A state judge at the request of county prosecutors Thursday sealed documents in the high-profile case involving a Department of Land and Natural Resources officer who has been charged with sexually assaulting a minor while on the job.
Hawaii island District Judge Barbara Takase granted a prosecution motion filed earlier Thursday to seal the charging documents without giving notice to the public or holding a hearing — a process that Honolulu media attorney Jeff Portnoy said “absolutely” violates the state and federal constitutions and a recent Hawaii Supreme Court ruling.
“This is like taking a meat cleaver to cut a hot dog.”
Deputy Prosecuting Attorney Ha‘aheo Kaho‘ohalahala asked the court in a three-paragraph motion to seal the documents because they contained the victim’s full name.
The Honolulu Star-Advertiser and other media outlets typically do not name victims in sex assault cases.
The so-called probable-cause documents sealed by Takase were filed last week and pertain to why authorities initially were holding DLNR officer Ethan Ferguson without charges. Suspects can be jailed for up to 48 hours without being formally charged.
Ferguson, 39, was taken into custody Jan. 7 and charged the following day with five counts of sexual assault in connection with the alleged molestation of a minor Jan. 1 at a Big Island beach park. The victim told police that a state DNLR officer in uniform sexually assaulted her. He is out on bail, which was set initially at $13,000.
The sealed documents contain details of what allegedly happened that day.
If the intent of the prosecutor’s office was to protect the minor’s identity, it went about that the wrong way, according to Portnoy, who has represented the Star-Advertiser.
“This is like taking a meat cleaver to cut a hot dog,” he said.
Portnoy said the court’s action not only was unconstitutional, but violated a 2014 Hawaii Supreme Court ruling that found that a state judge improperly closed court proceedings and sealed transcripts in the first murder trial of federal agent Christopher Deedy.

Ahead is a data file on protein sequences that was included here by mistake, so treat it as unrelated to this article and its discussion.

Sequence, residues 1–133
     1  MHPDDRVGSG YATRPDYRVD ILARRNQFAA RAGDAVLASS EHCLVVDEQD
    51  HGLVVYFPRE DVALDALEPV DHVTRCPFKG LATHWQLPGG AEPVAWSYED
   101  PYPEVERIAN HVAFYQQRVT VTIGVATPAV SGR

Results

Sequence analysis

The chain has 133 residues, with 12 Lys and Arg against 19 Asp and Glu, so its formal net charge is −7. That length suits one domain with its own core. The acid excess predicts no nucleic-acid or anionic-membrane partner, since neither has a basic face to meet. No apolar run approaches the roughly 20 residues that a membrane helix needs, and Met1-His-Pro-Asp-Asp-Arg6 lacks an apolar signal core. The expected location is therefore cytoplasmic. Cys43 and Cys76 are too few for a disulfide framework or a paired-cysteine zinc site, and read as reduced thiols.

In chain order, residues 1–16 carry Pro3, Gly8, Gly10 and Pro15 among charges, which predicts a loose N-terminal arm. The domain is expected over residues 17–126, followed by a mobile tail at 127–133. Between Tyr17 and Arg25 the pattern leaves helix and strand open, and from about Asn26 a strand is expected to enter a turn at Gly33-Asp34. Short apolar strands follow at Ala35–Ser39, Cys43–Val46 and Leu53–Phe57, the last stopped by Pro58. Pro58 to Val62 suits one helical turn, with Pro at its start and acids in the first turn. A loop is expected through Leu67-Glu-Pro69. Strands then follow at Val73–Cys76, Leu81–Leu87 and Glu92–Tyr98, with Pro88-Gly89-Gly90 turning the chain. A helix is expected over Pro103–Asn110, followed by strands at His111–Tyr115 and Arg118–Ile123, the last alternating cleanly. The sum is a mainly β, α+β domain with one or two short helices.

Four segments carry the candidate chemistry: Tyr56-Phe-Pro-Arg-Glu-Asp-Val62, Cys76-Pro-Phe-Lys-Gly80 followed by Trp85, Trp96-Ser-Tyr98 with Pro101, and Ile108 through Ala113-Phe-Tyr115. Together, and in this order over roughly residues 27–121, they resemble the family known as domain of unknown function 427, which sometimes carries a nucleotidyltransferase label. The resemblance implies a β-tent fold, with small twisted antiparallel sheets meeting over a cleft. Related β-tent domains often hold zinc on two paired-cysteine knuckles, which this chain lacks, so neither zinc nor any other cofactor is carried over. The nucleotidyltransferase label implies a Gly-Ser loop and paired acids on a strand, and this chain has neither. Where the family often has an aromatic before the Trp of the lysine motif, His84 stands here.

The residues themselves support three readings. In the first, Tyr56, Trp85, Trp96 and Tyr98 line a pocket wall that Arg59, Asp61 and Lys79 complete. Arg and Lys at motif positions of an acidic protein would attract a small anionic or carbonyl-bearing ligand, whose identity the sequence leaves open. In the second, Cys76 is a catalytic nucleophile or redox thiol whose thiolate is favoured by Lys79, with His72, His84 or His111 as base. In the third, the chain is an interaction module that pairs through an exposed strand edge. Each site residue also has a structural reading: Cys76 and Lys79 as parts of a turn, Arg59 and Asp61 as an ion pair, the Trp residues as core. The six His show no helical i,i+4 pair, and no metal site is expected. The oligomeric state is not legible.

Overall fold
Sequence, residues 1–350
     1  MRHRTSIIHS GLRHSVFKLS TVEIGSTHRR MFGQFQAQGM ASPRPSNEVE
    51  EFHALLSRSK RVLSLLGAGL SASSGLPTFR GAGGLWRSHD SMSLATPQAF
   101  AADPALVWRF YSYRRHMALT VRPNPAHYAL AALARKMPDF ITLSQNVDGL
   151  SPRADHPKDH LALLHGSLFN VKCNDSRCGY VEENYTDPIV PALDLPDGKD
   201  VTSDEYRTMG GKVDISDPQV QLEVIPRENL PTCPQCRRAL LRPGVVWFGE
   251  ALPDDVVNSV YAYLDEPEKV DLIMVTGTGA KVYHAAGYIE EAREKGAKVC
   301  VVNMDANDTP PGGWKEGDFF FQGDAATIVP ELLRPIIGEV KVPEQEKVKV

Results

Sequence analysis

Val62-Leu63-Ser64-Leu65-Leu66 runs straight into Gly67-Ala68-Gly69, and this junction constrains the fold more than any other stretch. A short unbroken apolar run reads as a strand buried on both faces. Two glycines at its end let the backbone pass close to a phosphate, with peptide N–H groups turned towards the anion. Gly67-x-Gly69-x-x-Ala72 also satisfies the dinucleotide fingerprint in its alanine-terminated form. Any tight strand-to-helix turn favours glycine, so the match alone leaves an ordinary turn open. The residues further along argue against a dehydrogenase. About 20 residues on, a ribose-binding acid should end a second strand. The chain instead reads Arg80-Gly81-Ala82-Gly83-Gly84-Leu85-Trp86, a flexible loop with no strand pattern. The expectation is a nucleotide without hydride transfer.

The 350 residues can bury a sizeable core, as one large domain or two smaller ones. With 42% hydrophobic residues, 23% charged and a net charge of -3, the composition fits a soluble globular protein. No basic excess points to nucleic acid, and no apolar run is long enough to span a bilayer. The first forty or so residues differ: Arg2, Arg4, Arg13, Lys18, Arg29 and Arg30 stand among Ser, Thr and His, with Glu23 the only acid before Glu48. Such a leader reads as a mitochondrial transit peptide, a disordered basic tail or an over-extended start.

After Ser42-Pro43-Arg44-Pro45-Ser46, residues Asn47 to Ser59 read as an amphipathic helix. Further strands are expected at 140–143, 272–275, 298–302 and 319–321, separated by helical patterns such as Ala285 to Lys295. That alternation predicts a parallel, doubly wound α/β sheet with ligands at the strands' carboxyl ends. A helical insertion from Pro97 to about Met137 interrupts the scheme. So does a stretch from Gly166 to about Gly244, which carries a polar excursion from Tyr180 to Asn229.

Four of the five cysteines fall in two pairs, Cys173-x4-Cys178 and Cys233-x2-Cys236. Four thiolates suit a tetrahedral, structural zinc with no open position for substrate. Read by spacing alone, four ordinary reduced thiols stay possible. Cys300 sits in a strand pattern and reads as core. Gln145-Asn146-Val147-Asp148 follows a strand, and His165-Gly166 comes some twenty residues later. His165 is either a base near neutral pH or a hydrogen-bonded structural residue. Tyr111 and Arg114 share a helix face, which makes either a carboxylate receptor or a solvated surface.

Retired Star-Advertiser reporter Ken Kobayashi, who covered Hawaii courts for more than 30 years, said probable-cause affidavits routinely are open to the public so citizens can understand why a suspect is being held without charges.
If prosecutors are concerned about protecting a victim’s identify, less drastic measures, such as redacting names or using “Jane Doe” designations, can be used to accomplish that, according to Kobayashi.
“To seal the entire document is outrageous, especially in view of the public interest in this case,” he added.
Mitch Roth, who heads the prosecuting attorney’s office on Hawaii island, said his office’s motivation in seeking to seal the documents was to protect the minor’s identity, but he didn’t believe that simply redacting her name would have been appropriate. He would not elaborate. He also said he didn’t believe the Deedy ruling applied to the circumstances in this case.
Told of the common media policy to refrain from identifying victims in sex assault cases, Roth said, “We have had papers print inappropriate things recently.” He referred specifically to a case involving a crime against a woman but declined to elaborate.
The Ferguson case has attracted widespread media attention because he was hired in June 2013 by DLNR despite the Honolulu Police Department’s recommendation not to hire him.
Ferguson was fired from the police force in February 2012 — a fact HPD disclosed to the state as part of a background check the state conducted prior to his hiring. But no one from the state followed up on that information, according to HPD.
Ferguson was fired by HPD because he transported a juvenile female runaway without a supervisor’s authorization and falsified records, according to police documents.
The suspect is scheduled to make his next court appearance Feb. 2. Takase’s ruling said the documents will be sealed until the court decides otherwise.
Motions to seal documents in criminal trials mostly are filed by defendants on the grounds that making the information public would infringe on their right to a fair trial.
Court documents and proceedings are open to the public and can be sealed only under extraordinary circumstances and after a hearing is held, according to Portnoy.